Hamilton Properties filed a state court lawsuit against AIC in October 2012. AIC removed the matter to federal court. After completing discovery, AIC filed a motion for summary judgment on the basis that Hamilton Properties had not met its burden of segregating the damage caused by a covered peril from the damage caused by perils that were not covered under the policy. AIC also moved for summary judgment based on Hamilton Properties’ failure to provide prompt notice of its loss.[5]

Hamilton Properties claimed all of the damage it was seeking was caused by the July 2009 hailstorm. After reviewing the evidence in the light most favorable to Hamilton Properties, Judge Boyle determined AIC had met its burden of showing the lack of evidence to support Hamilton Properties’ contention. Because Hamilton Properties was unable to allocate damages between the July 2009 hailstorm and those damages that were caused by other perils not covered under the policy, Judge Boyle granted AIC’s motion for summary judgment.

Acknowledging that summary judgment on the concurrent causation issue was dispositive, Judge Boyle also addressed Hamilton Properties’ failure to provide timely notice to AIC and the resulting prejudice. In addressing whether the notice was timely, Judge Boyle first focused on when the alleged damage occurred. Relying on the Texas Supreme Court’s decision in Don’s Building Supply Inc. v. OneBeacon,[6] Judge Boyle acknowledged property damage occurs when actual physical damage to the property occurs, not when the damage first manifests or is discovered.

There was no dispute that Hamilton Properties alleged its damage occurred on July 8, 2009, the key date for determining whether or not notice was timely. Although there was a dispute regarding whether notice was provided in February 2011 or October 2011, Judge Boyle determined as a matter of law that notice was not timely regardless of whether Hamilton Properties waited 19 or 27 months before reporting the loss.

Next the court determined whether the late notice prejudiced AIC’s ability to investigate the claim. AIC claimed it did not have an opportunity to investigate the loss site in close proximity to the claimed date of loss and was denied access to “critical evidence.” AIC also claimed it lost the opportunity to quantify the damage close to the claimed date of loss or to interview the other residents of the hotel who may have known the prior condition of the roof and the impact of the July 8 event.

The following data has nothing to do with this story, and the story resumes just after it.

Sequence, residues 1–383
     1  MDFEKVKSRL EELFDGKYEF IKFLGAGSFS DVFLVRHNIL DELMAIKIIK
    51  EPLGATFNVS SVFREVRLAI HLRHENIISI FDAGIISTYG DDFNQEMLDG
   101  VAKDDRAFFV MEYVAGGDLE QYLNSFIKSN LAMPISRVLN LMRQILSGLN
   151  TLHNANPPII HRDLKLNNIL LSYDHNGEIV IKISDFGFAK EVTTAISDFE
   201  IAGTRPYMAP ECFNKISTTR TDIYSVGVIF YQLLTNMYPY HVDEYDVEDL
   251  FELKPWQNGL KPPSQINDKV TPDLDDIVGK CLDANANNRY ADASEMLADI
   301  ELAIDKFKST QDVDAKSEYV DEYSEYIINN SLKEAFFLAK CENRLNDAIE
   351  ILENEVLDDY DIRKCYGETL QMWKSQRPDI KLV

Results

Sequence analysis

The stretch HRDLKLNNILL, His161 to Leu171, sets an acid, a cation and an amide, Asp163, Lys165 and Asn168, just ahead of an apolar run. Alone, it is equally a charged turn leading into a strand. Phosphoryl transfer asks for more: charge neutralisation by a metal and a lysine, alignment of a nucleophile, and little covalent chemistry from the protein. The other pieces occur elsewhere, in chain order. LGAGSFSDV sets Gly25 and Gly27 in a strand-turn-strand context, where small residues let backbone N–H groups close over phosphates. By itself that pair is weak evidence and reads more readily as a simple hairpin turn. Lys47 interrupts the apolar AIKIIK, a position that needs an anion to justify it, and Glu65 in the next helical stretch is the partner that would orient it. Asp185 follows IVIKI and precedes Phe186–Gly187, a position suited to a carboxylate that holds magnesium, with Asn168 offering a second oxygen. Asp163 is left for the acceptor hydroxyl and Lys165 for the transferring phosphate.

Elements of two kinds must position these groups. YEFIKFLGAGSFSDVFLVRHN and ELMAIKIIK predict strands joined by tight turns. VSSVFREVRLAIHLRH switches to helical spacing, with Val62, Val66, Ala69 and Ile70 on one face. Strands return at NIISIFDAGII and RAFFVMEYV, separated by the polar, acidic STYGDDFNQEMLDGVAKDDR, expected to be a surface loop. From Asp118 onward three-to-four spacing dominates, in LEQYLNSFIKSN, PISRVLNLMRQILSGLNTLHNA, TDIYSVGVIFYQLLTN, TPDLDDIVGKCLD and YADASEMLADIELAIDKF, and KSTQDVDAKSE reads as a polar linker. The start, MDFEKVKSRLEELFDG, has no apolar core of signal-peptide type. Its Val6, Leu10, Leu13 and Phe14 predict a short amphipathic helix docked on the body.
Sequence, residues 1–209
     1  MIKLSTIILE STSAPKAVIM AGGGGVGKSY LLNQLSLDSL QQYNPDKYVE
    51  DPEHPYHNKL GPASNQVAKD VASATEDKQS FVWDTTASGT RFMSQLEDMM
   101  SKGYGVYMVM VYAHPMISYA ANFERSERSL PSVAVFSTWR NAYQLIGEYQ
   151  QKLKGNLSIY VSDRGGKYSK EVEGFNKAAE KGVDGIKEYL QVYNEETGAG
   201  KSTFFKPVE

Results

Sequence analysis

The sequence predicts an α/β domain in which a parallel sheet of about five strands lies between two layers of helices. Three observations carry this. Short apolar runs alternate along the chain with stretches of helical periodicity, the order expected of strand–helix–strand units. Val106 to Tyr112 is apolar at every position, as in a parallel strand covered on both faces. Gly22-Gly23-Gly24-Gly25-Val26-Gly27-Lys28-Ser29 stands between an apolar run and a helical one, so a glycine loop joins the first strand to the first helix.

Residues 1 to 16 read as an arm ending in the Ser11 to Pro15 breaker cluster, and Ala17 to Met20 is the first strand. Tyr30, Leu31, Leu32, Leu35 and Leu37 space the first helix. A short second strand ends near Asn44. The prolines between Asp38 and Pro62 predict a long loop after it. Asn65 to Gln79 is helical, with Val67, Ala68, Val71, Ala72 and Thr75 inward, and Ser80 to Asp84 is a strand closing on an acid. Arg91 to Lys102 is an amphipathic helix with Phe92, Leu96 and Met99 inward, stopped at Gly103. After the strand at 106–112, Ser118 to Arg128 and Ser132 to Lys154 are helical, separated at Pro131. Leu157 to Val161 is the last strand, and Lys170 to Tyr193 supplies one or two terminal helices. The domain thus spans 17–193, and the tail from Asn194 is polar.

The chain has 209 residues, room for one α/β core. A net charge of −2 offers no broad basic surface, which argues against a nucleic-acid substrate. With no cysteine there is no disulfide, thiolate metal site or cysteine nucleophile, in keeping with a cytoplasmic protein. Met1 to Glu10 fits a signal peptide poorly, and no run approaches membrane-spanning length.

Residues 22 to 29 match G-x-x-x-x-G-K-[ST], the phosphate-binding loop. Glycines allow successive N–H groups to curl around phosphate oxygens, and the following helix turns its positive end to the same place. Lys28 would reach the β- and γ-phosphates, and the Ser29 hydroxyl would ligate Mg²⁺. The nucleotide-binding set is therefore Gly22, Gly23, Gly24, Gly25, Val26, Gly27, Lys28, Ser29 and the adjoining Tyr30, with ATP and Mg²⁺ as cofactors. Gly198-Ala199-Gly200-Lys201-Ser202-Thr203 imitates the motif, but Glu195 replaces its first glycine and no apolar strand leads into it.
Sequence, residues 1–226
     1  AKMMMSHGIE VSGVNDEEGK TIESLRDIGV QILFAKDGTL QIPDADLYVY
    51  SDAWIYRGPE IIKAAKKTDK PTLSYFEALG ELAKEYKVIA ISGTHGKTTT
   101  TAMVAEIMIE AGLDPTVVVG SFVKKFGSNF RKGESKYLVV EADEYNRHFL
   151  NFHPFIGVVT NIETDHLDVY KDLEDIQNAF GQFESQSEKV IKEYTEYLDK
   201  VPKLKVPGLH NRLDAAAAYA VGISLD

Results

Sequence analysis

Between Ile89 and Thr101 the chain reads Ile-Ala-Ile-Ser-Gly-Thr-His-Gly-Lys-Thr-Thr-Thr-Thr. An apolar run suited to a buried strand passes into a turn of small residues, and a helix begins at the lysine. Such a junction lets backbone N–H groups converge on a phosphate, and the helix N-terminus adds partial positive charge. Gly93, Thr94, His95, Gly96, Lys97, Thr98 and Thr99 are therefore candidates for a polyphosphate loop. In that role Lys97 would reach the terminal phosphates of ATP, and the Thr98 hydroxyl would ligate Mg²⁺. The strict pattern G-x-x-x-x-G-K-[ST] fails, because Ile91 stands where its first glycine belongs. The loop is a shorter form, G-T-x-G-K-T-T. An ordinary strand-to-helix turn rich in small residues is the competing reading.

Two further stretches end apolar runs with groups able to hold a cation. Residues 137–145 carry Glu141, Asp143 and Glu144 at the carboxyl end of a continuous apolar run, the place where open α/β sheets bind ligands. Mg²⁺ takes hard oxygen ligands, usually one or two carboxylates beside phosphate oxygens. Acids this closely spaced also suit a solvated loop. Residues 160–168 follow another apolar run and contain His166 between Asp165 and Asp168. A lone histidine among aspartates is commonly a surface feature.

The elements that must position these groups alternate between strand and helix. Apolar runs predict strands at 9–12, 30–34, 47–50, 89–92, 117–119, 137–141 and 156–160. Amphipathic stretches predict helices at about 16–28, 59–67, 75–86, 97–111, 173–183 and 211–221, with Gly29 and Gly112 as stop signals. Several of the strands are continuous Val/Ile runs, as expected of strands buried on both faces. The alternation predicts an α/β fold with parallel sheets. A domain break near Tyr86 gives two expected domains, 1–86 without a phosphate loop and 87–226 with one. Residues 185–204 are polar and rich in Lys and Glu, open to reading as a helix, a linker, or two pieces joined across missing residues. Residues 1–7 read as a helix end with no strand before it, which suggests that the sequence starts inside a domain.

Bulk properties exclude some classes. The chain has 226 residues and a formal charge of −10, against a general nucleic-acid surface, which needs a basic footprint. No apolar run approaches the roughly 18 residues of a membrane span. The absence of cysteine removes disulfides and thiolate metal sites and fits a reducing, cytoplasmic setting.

Judge Boyle noted the “purpose of the timely notice requirement is to enable an insurer to investigate the circumstances of an accident while the matter is fresh in the minds of the witness so that it may adequately prepare to adjust or defend any claims ...”[7] Thus, “prejudice from failure to notify timely arises from inability to investigate the circumstances of an occurrence to prepare adequately to adjust or defend any claims, not merely to prepare for trial.”[8]

The court determined the condition of the roof and other portions of the building changed considerably over the period of 19 to 27 months. Ultimately, the court concluded Hamilton Properties’ “lapse in providing notice compromised the reliability and availability of evidence necessary to investigate their claim. In other words, the court determines that AIC suffered an adverse change in position as a result of plaintiffs’ delay.”[9]

Judge Boyle also granted summary judgment to AIC for Hamilton Properties’ claim that AIC violated the Texas Insurance Code, breached its fiduciary duty and made misrepresentations to Hamilton Properties. Because Judge Boyle granted summary judgment to AIC on all claims asserted by Hamilton Properties, she dismissed all claims with prejudice.

With the Hamilton Properties decision, Judge Boyle has provided much-needed guidance to insurers faced with investigating hail damage claims reported two, three or more years after a storm event. Judge Boyle recognized that insurers should have an opportunity to timely inspect reported hail damage to confirm it occurred on the reported date of loss and that the reported damage is actually the result of hail and not simply general deterioration commonly present with old roofing systems. If a claim is reported immediately, the insurance company can promptly inspect the building and determine if there is actual hail damage resulting from the reported recent hail event.

Otherwise, for claims reported years after the hail storm, the insured (or whoever is advocating the claim on its behalf) better now be prepared to meet its burdens to both 1) segregate the alleged hail damage from ordinary aging and 2) demonstrate that the alleged damage occurred on the reported date of loss as opposed to the many other hail events occurring over the life of the roof.

Texas courts are starting to see "What the Hail™ is Going On" with these claims and holding insureds to their burdens.

—By Brett A. Wallingford, Zelle Hofmann Voelbel & Mason LLP

Brett Wallingford is a partner in Zelle Hofmann's Dallas office.

The opinions expressed are those of the author(s) and do not necessarily reflect the views of the firm, its clients, or Portfolio Media Inc., or any of its or their respective affiliates. This article is for general information purposes and is not intended to be and should not be taken as legal advice.

[1] See “What The Hail™ Is Going On In Texas? Law360, Dec. 19, 2013,; and  The Emerging Hail Risk: What The Hail™ Is Going On? Claims Journal, May 2, 2014,

[2] See “Roofing Contractors, Don’t Mess With Texas Insureds!Texas Law360, Nov. 15, 2013,

[3] Hamilton Props. v. Am. Ins. Co., No. 3:12-CV-5046-B, 2014 WL 3055801 (N.D. Tex. July 7, 2014).

[4] Id. at * 2

[5] Id. at * 7

[6] Don’s Bldg. Supply Inc. v. OneBeacon Ins. Co., 267 S.W.3d 20, 24 (Tex. 2008).

[7] Hamilton Props at * 9 (citing Blanton v. Vesta Lloyds Ins. Co., 185 S.W.3d 607, 611-612 (Tex.App.-Dallas 2006, no pet.).

[8] Id.

[9] Id. at * 10